A Rough Spring


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Yesterday, I was cross. Irritated by urban life, the tumultuous changes in Spring weather and my own crotchety self. Brown magnolia blossoms. Loud vibrating, fast driving cars. Enormous potholes.  Trash strewn everywhere. Crying babies unattended. And no grocery employee had brought hanging Boston fern baskets inside away from the cold snowy April weather. Now, after a tender beginning in a warm greenhouse, they were burned and frozen. Disposable. Rubbish. Life in the 21st century.

Today I made another trip, to another grocery store to purchase salmon. I was standing at the fish and meat counter waiting my turn. A woman was there with a child about seven or eight years old. He stood quietly handling bottles of tartar sauce displayed near the case, as if he were rearranging them. He had such a sweet expression and a beautiful smile. I told the woman that I loved his gentle countenance. She said, “He’s going to come over and hug you”, which is exactly what happened. He put his face into my butterfly scarf and nestled down against my chest.

“Do you like those butterflies?” I asked him. He nodded. “I wore this scarf today to help Spring come,” I continued. He returned to the woman. We chatted, and before we parted, the boy came once again. Another hug. Another chance to connect. This time he tried to feel the hair on my head. The woman discouraged him. “That’s fine,” I said. I explained that I used to be a teacher, and often children wanted to touch each other’s hair, especially if it was different from their own.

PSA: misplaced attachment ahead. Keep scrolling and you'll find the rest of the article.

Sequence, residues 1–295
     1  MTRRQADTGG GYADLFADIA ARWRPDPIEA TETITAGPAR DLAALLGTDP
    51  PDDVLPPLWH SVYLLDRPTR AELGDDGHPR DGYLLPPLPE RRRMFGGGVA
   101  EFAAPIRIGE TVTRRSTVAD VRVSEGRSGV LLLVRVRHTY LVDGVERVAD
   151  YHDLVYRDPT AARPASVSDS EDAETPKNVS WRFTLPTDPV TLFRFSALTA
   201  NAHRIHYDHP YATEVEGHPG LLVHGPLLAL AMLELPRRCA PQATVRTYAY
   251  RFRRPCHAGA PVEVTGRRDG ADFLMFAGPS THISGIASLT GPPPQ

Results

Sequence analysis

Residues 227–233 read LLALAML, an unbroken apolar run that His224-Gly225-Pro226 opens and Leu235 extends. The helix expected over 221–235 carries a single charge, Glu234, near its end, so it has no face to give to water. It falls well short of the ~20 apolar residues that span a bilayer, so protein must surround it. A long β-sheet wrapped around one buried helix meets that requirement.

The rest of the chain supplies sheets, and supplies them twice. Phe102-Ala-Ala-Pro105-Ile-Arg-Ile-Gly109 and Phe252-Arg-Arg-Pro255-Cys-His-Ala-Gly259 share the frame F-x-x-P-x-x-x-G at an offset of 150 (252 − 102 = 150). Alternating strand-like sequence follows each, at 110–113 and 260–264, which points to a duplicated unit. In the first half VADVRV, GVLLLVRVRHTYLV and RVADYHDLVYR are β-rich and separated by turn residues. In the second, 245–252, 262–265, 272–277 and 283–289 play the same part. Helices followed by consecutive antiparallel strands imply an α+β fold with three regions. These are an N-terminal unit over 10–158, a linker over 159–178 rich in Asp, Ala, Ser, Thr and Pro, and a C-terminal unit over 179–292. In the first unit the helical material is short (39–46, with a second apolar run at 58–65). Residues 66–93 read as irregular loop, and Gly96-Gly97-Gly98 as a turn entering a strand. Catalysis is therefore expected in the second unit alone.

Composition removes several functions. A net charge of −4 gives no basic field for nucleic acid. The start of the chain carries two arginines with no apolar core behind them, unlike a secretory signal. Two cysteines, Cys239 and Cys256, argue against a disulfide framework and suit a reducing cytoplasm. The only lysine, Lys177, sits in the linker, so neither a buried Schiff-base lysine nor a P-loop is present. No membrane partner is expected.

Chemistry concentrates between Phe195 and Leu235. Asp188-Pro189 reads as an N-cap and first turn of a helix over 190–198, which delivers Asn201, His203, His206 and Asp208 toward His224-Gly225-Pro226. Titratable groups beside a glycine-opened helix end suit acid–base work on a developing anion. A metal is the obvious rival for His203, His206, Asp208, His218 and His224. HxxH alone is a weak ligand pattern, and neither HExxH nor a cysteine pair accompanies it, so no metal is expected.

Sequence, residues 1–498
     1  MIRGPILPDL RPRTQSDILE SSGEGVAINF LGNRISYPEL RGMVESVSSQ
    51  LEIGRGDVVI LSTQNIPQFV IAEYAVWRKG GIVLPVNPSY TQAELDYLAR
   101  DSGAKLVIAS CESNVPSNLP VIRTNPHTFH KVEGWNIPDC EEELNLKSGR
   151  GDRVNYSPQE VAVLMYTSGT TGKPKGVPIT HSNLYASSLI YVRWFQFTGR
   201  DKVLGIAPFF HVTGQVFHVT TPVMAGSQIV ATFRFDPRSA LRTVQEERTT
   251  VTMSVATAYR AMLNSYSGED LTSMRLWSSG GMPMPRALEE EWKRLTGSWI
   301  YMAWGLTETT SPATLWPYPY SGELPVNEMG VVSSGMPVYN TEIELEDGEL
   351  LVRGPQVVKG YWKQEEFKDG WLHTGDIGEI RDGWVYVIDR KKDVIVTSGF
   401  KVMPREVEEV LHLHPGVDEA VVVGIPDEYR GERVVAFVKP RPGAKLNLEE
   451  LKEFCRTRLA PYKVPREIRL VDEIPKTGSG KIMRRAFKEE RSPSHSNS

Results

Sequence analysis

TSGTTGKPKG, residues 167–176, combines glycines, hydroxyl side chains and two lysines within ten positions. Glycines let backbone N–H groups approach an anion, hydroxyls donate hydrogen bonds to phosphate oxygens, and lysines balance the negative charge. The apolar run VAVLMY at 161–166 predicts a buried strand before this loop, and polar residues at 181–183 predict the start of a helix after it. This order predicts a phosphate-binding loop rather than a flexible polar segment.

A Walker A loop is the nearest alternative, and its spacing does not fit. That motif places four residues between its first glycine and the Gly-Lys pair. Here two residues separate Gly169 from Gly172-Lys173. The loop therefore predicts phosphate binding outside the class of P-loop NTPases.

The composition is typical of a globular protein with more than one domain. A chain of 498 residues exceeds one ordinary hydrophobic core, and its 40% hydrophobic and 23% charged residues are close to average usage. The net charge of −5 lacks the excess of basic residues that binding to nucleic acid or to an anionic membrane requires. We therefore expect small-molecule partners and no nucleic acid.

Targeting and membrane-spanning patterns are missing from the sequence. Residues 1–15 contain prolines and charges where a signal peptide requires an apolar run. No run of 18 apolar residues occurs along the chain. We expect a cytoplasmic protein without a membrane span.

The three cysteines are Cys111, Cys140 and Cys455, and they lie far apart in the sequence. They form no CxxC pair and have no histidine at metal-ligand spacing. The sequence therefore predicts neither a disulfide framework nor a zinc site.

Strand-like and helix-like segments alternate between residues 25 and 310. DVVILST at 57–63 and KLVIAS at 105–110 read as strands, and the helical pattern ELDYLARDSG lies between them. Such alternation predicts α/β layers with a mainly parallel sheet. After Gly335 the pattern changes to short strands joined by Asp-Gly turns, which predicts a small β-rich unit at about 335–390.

Once again, he nestled his face into the scarf. His small hands grasped the soft cotton. I hugged him and held on tight before we said goodbye. I thanked him for the hug.

What was that sweet encounter? Did the child need Spring as much as I did, and we had found each other, just in the knick of time? Or was he simply a teacher, a helper to me? The return of kindness, gentleness, new life, hope stirred within me... a reminder to see beyond racial and cultural differences, economic status and education, history. He reminded me of my value, even as I am in transition, betwixt and between. I saw right through to his lovely heart, and he recognized me. We found Spring together for a few brief moments at the grocery store. An answered prayer after my embittered  yesterday. “God change me. Soften my eyes so that I can see what you see,” I had prayed last night. Here was the answer.

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Looking for Hope in the Heavens

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Dreadful news has been the theme this autumn 2017. We are saturated each week with accounts of some new disaster. It is depressing to even list them. One of my twelve year old students told me that the world must be coming to an end. What a horrible thing for a child to try and grasp. And even for us adults, we wonder, how could these events ever be about something good, something transformative, something that engenders hope.

 So, as I look optimistically in all of this darkness, I am recalling my thoughts on the amazing solar eclipse that we experienced just weeks ago. With our eyes to the sky, millions watched as the magic took us--as a nation, into its mystery--- looking for far more than a solar eclipse. I wonder if we are desperate to have an encounter with the divine, the author of hope, to find the place where science and spirituality meet. And that is the challenge today to live with hope, rather than despair.

It was a ninety degree day here in Cincinnati as we experienced our 2017 solar eclipse. Some schools closed so that children throughout the United States could view it safely with their parents. Others traveled hundreds of miles to witness the “total” eclipse, waited in long lines of traffic, purchased safety glasses and even wore welder’s masks. I witnessed the event at a public library where I could borrow cardboard glasses with safety lenses. A quick glimpse of a black dot was enough for me. We did not experience a dramatic black out at the library. But I loved the sharing of glasses, the friendly banter, the sense of community, the diversity of neighbors who never met one another before gathering for this unusual event.